Harry Potter and the Idiot’s Diversion

30 08 2007

Morris Berman writes:

For every intelligent book you, the reader, might read, millions of other readers occupy themselves with titles such as Aliens are Among Us!  or Protect Yourself from Emotional Abuse, and that is, if they read at all. . . Don DeLillo echoes this sentiment when he writes, “If serious reading dwindles to nothingness, it will probably mean that the thing we’re talking about when we use the word ‘identity’ has reached an end.”

In Morris Berman’s book The Twilight of American Culture, he discusses, among other things, the collapse of American intelligence.  It’s a remarkably interesting and depressing read.  I highly recommend it.

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4 responses

31 08 2007
Morris Berman

Dear Mitchell,

Yes, idiot’s diversion indeed. It amazes me that very literate, intelligent parents (there are still a few around) tell me that “at least it gets them reading” and “it’s better than television.” Yes, I say; but what is it that is passing into the brain as they are reading, and what if it’s just television in text form?

Also check out the few pp. in the Twilight book on the Hardy Boys series, and how the publishers dumbed it down to make it emotionally simplistic. I suppose the real question is whether young readers of things like Harry Potter then go on to Dostoyevsky later in life, or to People Magazine. There are no studies of how things such as H.P. function in terms of subsequent reading habits, i.e. whether reading such stuff actually launches the reader into things that are challenging and nuanced. I tend to doubt it, but I await scientific data.

All the best,
mb

31 08 2007
Mitchell

Mr. Berman –
Thank you for commenting! I think that Miss Teen South Carolina is a great example of what happens when you grow up on a diet that consists solely of “non-literature.” I think the problem is not that these mindless diversions exist, but that we live in a culture that makes it acceptable to consume them (and only them). Through my experience as a substitute teacher in a metropolitan public school district, time and time again I’ve found that children not only aren’t interested in, but actively avoid any sort of intellectual stimulation. When the president of the United States can’t form one coherent sentence, why should we expect anything else from our children?
There’s a lot of anecdotal evidence in what I’ve read of your book, but I think that you hit upon a very important point, a point which as a society we’re ignoring – that is that we have so many infantilizing influences on our lives (corporate consumerism, religion, etc.) that we actually are turning into a nation of infants.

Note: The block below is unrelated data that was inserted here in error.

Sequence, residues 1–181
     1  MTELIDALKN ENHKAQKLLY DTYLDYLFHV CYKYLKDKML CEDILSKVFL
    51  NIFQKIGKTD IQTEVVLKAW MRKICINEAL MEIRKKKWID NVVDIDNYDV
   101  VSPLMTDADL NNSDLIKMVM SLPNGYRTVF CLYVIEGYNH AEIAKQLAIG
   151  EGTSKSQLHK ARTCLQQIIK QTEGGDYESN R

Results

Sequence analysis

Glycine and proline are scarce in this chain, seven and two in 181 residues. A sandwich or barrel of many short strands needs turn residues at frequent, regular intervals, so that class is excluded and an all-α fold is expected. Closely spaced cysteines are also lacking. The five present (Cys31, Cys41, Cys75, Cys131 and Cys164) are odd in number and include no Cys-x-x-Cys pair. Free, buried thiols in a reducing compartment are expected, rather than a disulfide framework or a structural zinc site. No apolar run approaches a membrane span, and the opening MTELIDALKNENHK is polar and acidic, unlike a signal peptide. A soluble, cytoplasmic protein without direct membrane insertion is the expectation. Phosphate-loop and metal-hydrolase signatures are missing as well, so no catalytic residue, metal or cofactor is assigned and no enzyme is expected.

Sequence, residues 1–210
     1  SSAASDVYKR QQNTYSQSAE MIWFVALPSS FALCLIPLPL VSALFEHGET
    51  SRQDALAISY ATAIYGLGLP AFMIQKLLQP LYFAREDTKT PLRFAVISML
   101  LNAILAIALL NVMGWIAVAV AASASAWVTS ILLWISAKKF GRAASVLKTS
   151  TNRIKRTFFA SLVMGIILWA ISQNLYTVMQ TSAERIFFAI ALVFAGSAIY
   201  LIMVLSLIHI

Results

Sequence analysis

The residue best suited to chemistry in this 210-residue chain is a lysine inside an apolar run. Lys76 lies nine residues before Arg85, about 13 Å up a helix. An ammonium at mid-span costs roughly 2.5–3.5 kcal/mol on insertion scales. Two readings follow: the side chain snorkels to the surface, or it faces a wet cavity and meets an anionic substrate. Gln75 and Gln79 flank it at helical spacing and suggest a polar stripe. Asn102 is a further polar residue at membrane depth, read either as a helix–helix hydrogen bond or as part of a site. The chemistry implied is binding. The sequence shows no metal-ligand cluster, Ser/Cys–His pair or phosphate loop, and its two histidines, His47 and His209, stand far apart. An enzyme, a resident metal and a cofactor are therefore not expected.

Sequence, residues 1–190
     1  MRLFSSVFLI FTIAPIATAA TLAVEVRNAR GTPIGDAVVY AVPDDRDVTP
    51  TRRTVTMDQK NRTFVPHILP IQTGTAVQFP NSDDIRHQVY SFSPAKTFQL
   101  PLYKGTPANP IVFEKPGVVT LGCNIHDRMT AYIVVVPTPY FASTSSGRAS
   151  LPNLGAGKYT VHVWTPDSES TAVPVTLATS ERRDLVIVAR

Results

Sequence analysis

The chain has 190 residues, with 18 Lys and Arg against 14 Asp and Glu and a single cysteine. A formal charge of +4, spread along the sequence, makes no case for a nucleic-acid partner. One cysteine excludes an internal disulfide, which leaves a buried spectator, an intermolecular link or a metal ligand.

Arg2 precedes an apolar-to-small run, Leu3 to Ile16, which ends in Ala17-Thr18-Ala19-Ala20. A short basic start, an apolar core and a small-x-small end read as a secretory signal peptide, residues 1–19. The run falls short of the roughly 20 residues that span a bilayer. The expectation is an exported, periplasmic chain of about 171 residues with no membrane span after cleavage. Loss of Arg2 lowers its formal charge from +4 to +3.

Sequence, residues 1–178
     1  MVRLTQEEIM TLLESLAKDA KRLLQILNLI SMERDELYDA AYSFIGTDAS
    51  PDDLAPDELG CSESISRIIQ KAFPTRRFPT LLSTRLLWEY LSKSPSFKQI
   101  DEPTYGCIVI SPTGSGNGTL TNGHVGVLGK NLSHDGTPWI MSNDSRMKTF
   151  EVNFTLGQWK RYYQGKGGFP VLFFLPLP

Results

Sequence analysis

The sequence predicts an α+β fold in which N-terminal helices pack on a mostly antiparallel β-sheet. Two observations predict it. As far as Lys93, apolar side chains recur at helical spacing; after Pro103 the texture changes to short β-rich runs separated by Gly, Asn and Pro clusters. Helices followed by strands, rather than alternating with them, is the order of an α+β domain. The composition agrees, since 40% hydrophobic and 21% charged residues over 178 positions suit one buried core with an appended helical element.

I look forward to finishing your book, and again, thank you for responding.

-Mitchell

11 01 2008
Skeptic

The more I read of Mr. Berman and similar people, the more I believe the real point of their criticism isn’t to change things in any way, but simply to feel smug self-satisfaction at their own infinite intellectual superiority to the “masses”. In fact, Mr. Berman’s books actively discourages participation in society or an attempt to fix things, claiming that most people are simply too stupid or ignorant to understand what intellectual life is like.

In “The Twilight of American Culture”, Berman notes that most Americans “do not read more than one book a year”. Nonsense–as the “Harry Potter” phenomena proves (let alone the success of Barnes& Noble and amazon.com). So is Berman happy to see that Americans, and American children and young people especially, are in fact reading more than he believed? Not so fast; now, he claims, we need to be sure they “go on to Dostoyevsky”.

While literally speaking Berman is correct–one should not overemphasize the “Harry Potter” books’ influence on American literacy–one gets that feeling that Berman will keep moving the goalposts, in order to maintain his own feeling of superiority. If tomorrow all American kids read Dostoyevsky, Berman will claim they just read it, but didn’t understand its deep symbolism and structure, like he did. Again, that would probably be *literally* true, but obviously the real point of mentioning it is to keep up Berman’s own feeling of superiority from “the masses”.

11 07 2016
sara l.

The us-a failed corporation of delusions, deceptions, denials, and distractions-needs sheeple-ignorant masses too preoccupied with nonsense. the ‘country’ is nothing more than a dilapitated collection of hamsters spinning into oblivion–eager to please the boss man–they are nothing more than tax and debt slaves to a kleptocratic farce of “nation.”

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